My earliest childhood memories recall a mixture of airplanes and photography. When I was 4 years old, my dad took me to the local hobby shop to buy a Jim Walker balsa-construction, rubber band-powered airplane.
That incredibly cool flying machine set him back 25 cents.
About the same time, my dad owned a black plastic Kodak Brownie Hawkeye camera. A mysterious lever on the top of the camera allowed the user to shoot “time-exposures.”
I was hooked. Airplanes and photography became forever intertwined in my consciousness. You couldn’t have one without the other.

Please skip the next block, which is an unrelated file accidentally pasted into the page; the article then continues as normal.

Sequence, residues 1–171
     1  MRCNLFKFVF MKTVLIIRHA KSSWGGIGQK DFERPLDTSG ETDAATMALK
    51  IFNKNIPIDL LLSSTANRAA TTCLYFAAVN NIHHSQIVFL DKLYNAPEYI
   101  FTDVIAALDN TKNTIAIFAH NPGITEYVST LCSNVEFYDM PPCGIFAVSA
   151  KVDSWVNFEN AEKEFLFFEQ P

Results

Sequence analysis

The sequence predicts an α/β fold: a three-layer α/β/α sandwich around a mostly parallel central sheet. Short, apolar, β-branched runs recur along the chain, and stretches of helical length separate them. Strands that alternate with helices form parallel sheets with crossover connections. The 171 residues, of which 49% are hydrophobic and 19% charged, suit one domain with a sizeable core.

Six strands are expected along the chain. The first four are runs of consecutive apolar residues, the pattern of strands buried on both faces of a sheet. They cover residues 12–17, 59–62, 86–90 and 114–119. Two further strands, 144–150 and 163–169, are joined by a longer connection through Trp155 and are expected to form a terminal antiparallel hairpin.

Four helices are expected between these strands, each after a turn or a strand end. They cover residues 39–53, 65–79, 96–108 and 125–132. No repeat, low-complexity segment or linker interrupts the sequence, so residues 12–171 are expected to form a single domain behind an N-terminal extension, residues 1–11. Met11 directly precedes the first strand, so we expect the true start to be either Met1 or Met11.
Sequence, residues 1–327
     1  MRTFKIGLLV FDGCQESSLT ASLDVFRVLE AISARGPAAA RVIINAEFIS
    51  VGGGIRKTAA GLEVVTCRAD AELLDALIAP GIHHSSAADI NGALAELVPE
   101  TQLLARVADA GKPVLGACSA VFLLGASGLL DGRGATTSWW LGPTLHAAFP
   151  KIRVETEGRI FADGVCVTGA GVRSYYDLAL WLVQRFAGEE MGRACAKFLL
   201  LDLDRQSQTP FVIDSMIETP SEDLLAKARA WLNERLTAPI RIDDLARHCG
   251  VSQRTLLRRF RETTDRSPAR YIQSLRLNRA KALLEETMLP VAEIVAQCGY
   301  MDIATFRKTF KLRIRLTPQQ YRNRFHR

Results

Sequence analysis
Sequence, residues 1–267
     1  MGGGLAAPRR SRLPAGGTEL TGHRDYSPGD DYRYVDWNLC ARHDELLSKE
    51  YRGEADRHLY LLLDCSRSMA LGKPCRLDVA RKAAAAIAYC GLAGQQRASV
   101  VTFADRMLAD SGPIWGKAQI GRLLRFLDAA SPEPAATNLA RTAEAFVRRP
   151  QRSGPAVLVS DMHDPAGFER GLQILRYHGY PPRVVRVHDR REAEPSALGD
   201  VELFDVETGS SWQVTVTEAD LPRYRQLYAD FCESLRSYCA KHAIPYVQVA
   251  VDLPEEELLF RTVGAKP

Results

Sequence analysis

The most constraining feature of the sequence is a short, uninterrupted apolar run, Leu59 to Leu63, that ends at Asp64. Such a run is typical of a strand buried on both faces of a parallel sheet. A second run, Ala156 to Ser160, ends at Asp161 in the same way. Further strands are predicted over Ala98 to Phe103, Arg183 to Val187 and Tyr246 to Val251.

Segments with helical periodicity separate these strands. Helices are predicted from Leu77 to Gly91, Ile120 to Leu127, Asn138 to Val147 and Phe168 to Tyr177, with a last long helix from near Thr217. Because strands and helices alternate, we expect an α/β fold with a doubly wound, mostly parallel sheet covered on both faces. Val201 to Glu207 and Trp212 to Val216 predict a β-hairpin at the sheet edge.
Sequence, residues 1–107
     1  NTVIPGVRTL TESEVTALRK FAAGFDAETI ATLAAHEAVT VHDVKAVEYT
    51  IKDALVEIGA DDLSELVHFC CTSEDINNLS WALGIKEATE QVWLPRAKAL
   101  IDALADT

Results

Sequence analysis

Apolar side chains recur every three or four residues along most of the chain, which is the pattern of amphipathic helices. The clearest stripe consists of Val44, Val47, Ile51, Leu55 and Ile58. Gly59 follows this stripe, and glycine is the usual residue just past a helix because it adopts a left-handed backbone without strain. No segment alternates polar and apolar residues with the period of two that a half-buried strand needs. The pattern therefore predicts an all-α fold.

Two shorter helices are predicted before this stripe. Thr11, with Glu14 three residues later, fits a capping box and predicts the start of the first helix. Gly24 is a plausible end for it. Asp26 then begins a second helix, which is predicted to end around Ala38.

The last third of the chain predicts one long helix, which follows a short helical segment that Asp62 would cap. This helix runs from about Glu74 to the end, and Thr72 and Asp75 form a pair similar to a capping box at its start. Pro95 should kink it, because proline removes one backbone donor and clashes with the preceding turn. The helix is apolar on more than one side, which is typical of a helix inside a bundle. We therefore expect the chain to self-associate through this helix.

Guess what? The toys are fancier and more complex, but the process goes on. In Malcolm Gladwell’s book The Outliers, he proposed that 10,000 hours is the minimum amount of time someone must spend to master a subject. While I may, or may not, be any good at either aviation or photography, I have paid the price in terms of hours spent learning each craft.
And the process continues. On the ground and in the air, moving or stationary, stills or video, things that fly and the people who fly them demand to be photographed. I’ll probably go to my grave with one hand on an airplane part and the other holding a camera.
But I would not do it any other way.